"How the state and county circumvent and violate state mental health law
I'm still working on a petition to the Supreme Court of the United States. As I was looking up laws and regulations, this once again came to light. On the day I was picked up and interviewed, I filled out, signed and dated a "DMHSAS Designation of Treatment Advocate". The form says:
"Each person served by a licensed mental health provider or organization has the right to name a Treatment Advocate. This can be someone with whom you would like to partner during your course of treatment. A Treatment Advocate should be someone you trust and whose advice you value, such as a family member, spouse or partner, or a friend or representative from an advocacy organization. You have the right to set limits regarding the level of involvement of the person you select and you have the right to change your selection at any time. You also have the right not to name a Treatment Advocate. If you choose to name a Treatement Advocate, this person must agree to serve and adhere with all policies and rules addressing confidentiality."
This is governed by Oklahoma State Code Title 43A, sections 1-109.1 (including, "The individual designated as a treatment advocate shall act at all times in the best interests of the consumer"), 3-424.B ("the right to communicate with legal counsel, a treatment advocate, or the Department may not be denied."), and 4-107a.B ("the right to communicate ... may not be denied").
Further, the regulations of the Department of Mental Health and Substance Abuse Services state: 450:15-3-18. Right to consultant opinions
(a) Every consumer has the right to request the opinion of an outside medical or psychiatric consultant at his or her own expense and the facility shall not impede access between the consultant and the consumer.
(b) Every consumer shall have a right to an internal consultation upon request, at no expense. The second opinion shall become part of the consumer record.
(c) The facility's medical director shall review the second opinion as well as the treatment team's opinion and shall document decision.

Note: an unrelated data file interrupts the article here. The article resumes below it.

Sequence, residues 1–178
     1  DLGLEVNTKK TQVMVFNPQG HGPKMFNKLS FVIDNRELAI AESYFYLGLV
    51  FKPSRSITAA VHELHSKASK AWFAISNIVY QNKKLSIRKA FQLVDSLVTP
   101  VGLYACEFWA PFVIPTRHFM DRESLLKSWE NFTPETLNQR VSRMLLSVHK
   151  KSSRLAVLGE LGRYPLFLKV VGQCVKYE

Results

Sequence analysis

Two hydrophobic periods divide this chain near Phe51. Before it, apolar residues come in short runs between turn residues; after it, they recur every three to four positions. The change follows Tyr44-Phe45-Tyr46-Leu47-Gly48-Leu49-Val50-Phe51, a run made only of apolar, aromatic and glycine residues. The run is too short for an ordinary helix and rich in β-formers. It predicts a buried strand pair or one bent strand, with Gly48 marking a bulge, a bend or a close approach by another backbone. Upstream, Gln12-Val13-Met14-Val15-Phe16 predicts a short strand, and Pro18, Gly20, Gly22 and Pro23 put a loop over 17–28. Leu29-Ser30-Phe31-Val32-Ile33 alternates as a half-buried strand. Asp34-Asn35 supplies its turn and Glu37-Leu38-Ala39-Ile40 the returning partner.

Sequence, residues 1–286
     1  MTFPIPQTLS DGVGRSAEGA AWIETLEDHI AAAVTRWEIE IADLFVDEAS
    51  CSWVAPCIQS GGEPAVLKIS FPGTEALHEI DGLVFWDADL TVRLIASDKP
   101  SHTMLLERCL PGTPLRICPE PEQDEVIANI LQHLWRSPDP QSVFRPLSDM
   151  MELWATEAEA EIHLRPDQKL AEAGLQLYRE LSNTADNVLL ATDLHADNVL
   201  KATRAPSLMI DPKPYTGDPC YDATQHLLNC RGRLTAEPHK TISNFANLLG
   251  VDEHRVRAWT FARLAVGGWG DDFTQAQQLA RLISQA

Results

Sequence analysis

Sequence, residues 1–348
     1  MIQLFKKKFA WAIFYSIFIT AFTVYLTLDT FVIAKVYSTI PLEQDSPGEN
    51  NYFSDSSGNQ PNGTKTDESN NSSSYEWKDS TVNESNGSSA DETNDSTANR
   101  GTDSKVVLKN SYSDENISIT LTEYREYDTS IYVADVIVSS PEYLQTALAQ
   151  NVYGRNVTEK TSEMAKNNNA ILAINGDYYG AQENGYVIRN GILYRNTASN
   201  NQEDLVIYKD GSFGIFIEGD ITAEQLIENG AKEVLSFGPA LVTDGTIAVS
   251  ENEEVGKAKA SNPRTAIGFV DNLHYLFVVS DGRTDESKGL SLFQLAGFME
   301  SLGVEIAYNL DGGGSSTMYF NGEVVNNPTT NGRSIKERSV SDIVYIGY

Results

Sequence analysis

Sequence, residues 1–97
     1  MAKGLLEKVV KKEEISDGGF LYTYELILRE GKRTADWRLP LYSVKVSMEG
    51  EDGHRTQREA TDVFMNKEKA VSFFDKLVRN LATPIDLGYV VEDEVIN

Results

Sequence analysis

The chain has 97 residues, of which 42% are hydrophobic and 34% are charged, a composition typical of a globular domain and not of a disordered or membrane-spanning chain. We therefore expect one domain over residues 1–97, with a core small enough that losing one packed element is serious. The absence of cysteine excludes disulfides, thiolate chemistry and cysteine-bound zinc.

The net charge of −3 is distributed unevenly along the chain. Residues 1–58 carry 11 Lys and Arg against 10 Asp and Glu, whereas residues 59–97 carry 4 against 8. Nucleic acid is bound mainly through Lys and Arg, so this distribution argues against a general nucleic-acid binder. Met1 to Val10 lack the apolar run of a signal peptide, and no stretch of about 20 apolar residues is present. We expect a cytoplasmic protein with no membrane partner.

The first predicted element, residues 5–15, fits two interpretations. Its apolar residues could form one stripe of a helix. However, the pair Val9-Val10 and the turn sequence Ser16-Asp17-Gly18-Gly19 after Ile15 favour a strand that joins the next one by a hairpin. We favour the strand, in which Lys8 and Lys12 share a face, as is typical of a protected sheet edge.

Governance by the Hippocratic Oath is questionable, at best.
I filled out this form, dated 8/3/10, and wrote: "Dr Beaman OU Psych Dept 619-4400". I wanted the O.U. Psychiatric Clinic involved because I had been going there for the previous seven years for medication management for depression and PTSD, demonstrating that I took my medication faithfully (after all, I had asked for something to help me deal with an internal hell) and had not committed or planned any violence. I expected the O.U. Psych Clinic to point these things out in my defense and mediate my "treatment".
Instead, on August 6, 2010, District Court Judge Theresa Dreiling filed a court paper declaring that TCBH held the medical information that "is not available elsewhere and can only be obtained from the detaining and/or treating facility". That is patently false. I had not only been consulting with the O.U. Psychiatric Clinic for the previous seven years, but also with the O.U. Adult Medicine, and then Family Medicine Clinics.
The TCBH Psychiatrist who was allegedly treating me, Dr. Lori C. Miller, who signed as a "witness", mental health evaluator, and petitioner for detention and commitment, informed me that I could not talk to Dr. Beaman, or for that matter anyone else at the O.U. Psychiatric Clinic. Her excuse - they were "not admitted to practice" at TCBH. When I got someone in supposed authority from the O.U. Psychiatric Clinic on the phone to beg them to intervene on my behalf, that person refused to become involved, claiming they couldn't. ODMHSAS regulations state that a "consumer" has a right to at least an internal second opinion. After I applied for one, a psychiatric technician, one of the grunts on the floor, informed me that it had been decided above his pay grade that I just wasn't going to get one.
Well that's understandable. If psychiatrists at TCBH (paid by the State of Oklahoma) are going to pick out who needs to be their captive patients and get them committed by the County District Court without any fuss, it just won't do to have any exculpatory information come to light. And it won't do to have another arm of the State mental health system interfering, just because someone has been a patient there for most of a decade. That would all have to be repressed regardless of any State law or regulation, or any Constitutional right to due process or equal protection. I suppose that complaining about this state of affairs, as best one can, is what U.S. Federal District Court Judge Terrance Kern refers to as "frivolous", and even "illogical".
In Barefoot v. Estelle (1983) the Supreme Court of the United States says of the duties of federal courts in death penalty cases, "They need not, and should not, however, fail to give nonfrivolous claims of constitutional error the careful attention they deserve." But in our system of justice, it seems this can't apply to cases of false involuntary commitment; in order to justify the indefinite imprisonment of a single sexual predator in Kansas v. Hendricks (1997), the Supreme Court has declared that it is not possible for such imprisonments to be "punitive", because they are "treatment".
Faced with a mental health system that would betray us even after we ask for help and spend years within it, and faced with the kind of justice that, for the sake of twisting logic in the cases of a few, rolls over us like a plague and then refuses to hear our pleas, it is no wonder that our society is more violent than others. "